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Hiebert works to keep history alive

Helped organize moccasin exhibit at museum

Staff writer

Keven Hiebert has spent years scouring antique stores and auctions, looking to preserve pieces of American history.

“It’s a treasure hunt, really,” said Hiebert, of rural Goessel.

He and business partner John Torline, of Newton, collect American Indian artifacts in an effort to keep the stories behind the items from disappearing.

Part of their collections, and items from other private collectors and museums, are on display at Kauffman Museum in Newton. The exhibit is “Pathways of Tradition: Native American Footwear, 1860-1930.”

The exhibit includes about 80 artifacts from tribes across the U.S. and Canada. Hiebert and Torline each loaned 15-20 pairs of moccasins to the museum.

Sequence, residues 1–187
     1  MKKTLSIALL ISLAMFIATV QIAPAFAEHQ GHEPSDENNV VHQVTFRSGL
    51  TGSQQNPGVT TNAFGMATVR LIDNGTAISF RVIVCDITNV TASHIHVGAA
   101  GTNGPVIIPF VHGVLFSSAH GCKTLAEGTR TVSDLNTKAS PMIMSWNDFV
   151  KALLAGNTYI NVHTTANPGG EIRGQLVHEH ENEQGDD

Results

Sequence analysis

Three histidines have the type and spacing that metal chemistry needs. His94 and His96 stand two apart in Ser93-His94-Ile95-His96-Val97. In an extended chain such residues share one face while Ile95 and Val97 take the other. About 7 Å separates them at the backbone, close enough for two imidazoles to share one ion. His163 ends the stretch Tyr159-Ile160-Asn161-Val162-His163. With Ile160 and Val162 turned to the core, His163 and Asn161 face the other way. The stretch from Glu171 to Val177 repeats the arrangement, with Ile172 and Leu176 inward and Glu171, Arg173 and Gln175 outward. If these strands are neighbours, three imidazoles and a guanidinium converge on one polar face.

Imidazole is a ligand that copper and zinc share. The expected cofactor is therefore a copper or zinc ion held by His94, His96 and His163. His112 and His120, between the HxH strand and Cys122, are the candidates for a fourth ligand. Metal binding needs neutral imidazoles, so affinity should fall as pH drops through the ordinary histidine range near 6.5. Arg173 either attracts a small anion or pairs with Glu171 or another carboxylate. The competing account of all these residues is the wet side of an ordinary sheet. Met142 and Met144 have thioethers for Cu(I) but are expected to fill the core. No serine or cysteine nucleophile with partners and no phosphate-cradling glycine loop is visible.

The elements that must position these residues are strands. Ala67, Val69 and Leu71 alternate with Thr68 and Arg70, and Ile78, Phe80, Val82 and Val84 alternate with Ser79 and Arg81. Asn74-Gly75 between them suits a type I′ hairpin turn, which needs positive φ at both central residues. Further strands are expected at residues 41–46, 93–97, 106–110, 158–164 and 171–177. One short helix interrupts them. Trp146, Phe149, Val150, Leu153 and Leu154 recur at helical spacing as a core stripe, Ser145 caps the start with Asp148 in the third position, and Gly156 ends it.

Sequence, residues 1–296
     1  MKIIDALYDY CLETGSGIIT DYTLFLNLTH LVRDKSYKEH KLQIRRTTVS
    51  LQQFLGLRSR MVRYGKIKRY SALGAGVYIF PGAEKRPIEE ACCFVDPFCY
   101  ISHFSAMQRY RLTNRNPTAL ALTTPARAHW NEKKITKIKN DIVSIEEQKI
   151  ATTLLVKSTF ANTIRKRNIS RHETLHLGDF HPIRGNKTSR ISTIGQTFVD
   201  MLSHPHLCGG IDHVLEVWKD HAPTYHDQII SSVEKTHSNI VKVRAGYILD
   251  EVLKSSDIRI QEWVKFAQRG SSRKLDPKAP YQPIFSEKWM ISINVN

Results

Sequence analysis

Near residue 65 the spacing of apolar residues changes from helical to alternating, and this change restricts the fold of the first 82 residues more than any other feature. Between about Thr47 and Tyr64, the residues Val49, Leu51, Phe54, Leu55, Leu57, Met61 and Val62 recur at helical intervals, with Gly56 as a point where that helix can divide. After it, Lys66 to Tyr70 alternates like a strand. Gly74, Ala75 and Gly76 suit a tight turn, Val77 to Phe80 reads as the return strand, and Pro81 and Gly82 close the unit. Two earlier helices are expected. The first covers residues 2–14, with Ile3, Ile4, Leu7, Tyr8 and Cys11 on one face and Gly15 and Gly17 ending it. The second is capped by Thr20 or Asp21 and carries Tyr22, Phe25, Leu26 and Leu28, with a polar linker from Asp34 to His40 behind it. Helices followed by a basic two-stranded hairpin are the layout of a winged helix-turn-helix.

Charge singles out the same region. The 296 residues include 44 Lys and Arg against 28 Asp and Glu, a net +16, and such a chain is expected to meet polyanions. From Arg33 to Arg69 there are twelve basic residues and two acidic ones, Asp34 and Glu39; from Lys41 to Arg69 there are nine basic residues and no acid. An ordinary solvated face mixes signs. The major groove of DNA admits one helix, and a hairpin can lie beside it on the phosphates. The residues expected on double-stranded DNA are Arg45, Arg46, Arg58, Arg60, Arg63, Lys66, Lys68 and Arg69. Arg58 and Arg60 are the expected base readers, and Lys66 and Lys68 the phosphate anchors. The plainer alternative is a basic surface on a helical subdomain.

They had been brainstorming with museum director Rachel Pannabecker for two years or more.

Hiebert said fellow collector Bob Seise summed up his attitude about artifacts best.

“He said, ‘None of us are the owners of this; we’re the custodians’.”

Many of the artifacts that have survived were mostly used for ceremonies and special education, because day-to-day items were used until they wore out, Hiebert said.

Hiebert and Torline met at auctions where they were bidding on the same items. They decided to collaborate instead of compete, and have been business partners for about 20 years.

“Pathways of Tradition” will be at Bethel College’s Kauffman Museum in Newton until Jan. 25, 2009. A celebration will be held on the exhibit’s closing day, with Hiebert and Torline evaluating American Indian items. There also may be traditional American Indian food served, Hiebert said.

The museum is open 9:30 a.m. to 4:30 p.m. Tuesday through Friday and 1:30-4:30 p.m. Saturday and Sunday. Admission is $4 for adults, $2 for children ages 6-16, and free for children under 6.

Last modified Dec. 17, 2008

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